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Thread: Mainsail efficiency

  1. #1
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    Default Mainsail efficiency

    Since 6 years now I sail a Catalac 9m and am generally very pleased with both comfort and performance. But I am also looking for improvements, not least in my own competence to get the best out of the boat.

    One thing I wonder about is the efficiency of my mainsail. What is normal to expect when trying to sail a Catalac to windward?

    My experience so far is that it almost does not work at all sailing close hauled with only mainsail. In 14 knots of wind, I get no more than 1-2 knots of boat speed. With only headsail,* genoa, I will do maybe 4-5 knots in the same conditions and with both sails around 5-6 knots.

    Is this normal, and if so, why is the mainsail so inefficient?

  2. #2
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    Default Re: Mainsail efficiency

    I think it fair to say that our boats ability to point is directly related to the Jib and how you are using it .... as all sloops are more efficient hard on the wind with the jib than on the mainsail alone. In this case, the jib serves the purpose of increasing the windspeed over the main by forcing it through the slot between the two sails. The increased speed (Bernoulli Effect) creates more lift in the main and is why it is important to trim both sails to work together. And then there is boat balance .... my rigging is tuned to sail with a slight bias to windward when going to windward, without the jib I imagine my helm would be hard over.

    Mary Lack addresses windward issues here:
    Windward Performance

  3. #3
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    Default Re: Mainsail efficiency

    You are probably right in everything you write. So is your conclusion then the same as mine: The Catalac is not at all able to sail to windward under main alone?

  4. #4
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    Default Re: Mainsail efficiency

    Quote Originally Posted by Baste View Post
    You are probably right in everything you write. So is your conclusion then the same as mine: The Catalac is not at all able to sail to windward under main alone?
    The point I made is that I wouldn't sail hard on the wind with any sloop rigged boat, of which a Catalac is certainly one. It just wouldn't occur to me to even try it.

  5. #5

    Default Re: Mainsail efficiency

    Quote Originally Posted by Tropic Cat View Post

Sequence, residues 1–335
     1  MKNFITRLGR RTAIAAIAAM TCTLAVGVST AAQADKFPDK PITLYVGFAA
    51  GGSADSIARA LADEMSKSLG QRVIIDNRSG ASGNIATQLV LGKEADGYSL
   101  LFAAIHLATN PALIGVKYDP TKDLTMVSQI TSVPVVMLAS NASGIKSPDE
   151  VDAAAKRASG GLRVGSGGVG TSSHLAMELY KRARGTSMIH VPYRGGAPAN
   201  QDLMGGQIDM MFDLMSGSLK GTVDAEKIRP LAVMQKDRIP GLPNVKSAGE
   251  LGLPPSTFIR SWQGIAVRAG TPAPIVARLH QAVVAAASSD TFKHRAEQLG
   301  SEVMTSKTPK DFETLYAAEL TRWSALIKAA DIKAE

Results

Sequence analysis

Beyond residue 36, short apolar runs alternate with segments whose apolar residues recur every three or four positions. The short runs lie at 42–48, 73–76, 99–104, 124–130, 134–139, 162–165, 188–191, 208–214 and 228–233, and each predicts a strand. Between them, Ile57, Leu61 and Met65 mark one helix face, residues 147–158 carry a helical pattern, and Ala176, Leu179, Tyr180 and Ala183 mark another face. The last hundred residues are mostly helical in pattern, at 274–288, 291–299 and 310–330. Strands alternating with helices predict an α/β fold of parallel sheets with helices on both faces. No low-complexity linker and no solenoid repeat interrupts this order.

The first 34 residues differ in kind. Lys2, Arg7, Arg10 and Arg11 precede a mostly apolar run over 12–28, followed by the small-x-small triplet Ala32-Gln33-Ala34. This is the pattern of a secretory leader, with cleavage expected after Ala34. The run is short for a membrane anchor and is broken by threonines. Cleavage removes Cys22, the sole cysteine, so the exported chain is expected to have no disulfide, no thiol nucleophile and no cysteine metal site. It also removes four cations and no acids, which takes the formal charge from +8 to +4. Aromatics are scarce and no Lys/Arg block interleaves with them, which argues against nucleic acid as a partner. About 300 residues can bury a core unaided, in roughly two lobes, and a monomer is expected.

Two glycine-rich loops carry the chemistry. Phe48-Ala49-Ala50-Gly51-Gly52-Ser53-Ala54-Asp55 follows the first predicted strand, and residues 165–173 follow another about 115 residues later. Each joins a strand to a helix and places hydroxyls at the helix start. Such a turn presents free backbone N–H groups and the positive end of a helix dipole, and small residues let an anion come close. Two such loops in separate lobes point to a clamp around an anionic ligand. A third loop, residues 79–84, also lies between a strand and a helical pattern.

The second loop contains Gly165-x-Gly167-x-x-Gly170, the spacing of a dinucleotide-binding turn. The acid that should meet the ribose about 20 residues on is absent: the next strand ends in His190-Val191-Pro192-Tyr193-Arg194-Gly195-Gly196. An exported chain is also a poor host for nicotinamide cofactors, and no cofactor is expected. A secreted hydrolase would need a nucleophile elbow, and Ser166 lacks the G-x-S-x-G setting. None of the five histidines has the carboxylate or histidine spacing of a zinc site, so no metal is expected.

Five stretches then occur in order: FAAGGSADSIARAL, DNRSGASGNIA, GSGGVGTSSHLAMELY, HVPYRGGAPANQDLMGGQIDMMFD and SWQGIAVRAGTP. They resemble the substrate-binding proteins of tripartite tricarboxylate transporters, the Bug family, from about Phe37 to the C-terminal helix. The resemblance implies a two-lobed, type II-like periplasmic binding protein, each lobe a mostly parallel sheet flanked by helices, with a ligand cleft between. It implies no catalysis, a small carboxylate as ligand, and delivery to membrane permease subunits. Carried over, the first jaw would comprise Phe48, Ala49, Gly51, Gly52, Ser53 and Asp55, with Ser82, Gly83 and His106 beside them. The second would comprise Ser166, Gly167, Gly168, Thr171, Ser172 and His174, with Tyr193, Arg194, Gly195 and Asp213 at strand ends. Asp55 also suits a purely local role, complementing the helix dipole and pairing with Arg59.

The point I made is that I wouldn't sail hard on the wind with any sloop rigged boat, of which a Catalac is certainly one. It just wouldn't occur to me to even try it.
    I don't understand. Probably 90%+ of all sailboats are sloop rigged, does that mean none can sail to windward?

  6. #6

    Default Re: Mainsail efficiency

    Quote Originally Posted by smj View Post
    I don't understand. Probably 90%+ of all sailboats are sloop rigged, does that mean none can sail to windward?
    A key element of being able to sail to windward is the sheeting angle. Most monohulls because of their inherently small beam have quite narrow sheeting angles and therefore will go to windward using a relatively large headsail. Their pointing ability is more to do with their low windage and deep keel. It is also true that many monos do sail better to windward under staysail and main.

    On a cat and I suspect this is the case on a Catalac the sheeting angles for the genoa are large (on the side decks?). Very fast cats usually sport fractional rigs with small headsails so that the headsail can be sheeted very close, on the coach roof or even centrally in the case of self tacking headsails. This is necessary especially in light winds where the apparent wind angle is drawn very far forward the faster you go relatie to the wind speed. Does the Catalac have a staysail that can be sheeted tighter?

    I suggest that the inability of the Catalac to be able to sail under main alone is to do with the CE of the main sail relative to the CLR of the hull.

    One last point, no one has mentioned the outhaul this is a primary and often forgoten mainsail control (or just ignored completely inside a stackpac) as it will change the camber and power of the mainsail. The latest wingsails (Americas cup boats) have 2 ridgid sections and their power is derived by adjusting the camber (equivalent to a conventional outhaul).

    Peter

  7. #7
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    Default Re: Mainsail efficiency

    I would like to bring this discussion back to the original question: Can the catalac sail to windward with only mainsail?

    Unlike Tropic Cat I can see value in doing that. Eg. a fast way of reducing sail is to furl the genoa and continue with main alone. On monohulls I have been used to do that and it does work fine. On the Catalac it does not and I still wonder why.

    Peter, could you elaborate on your suggestion about CE related to CLR,* what it means and what effect it should have?

  8. #8

    Default Re: Mainsail efficiency

    Quote Originally Posted by Baste View Post
    Peter, could you elaborate on your suggestion about CE related to CLR,* what it means and what effect it should have?
    The CE is the centre of effort of the sails and the CLR is the centre of lateral resistance of the underwater profile. Neither of these are static.

    On a monohull these change position when the boat heals. On a cat it is much more complicated because the underwater profile is very wide and changes shape according to the angle of travel, a 3D problem.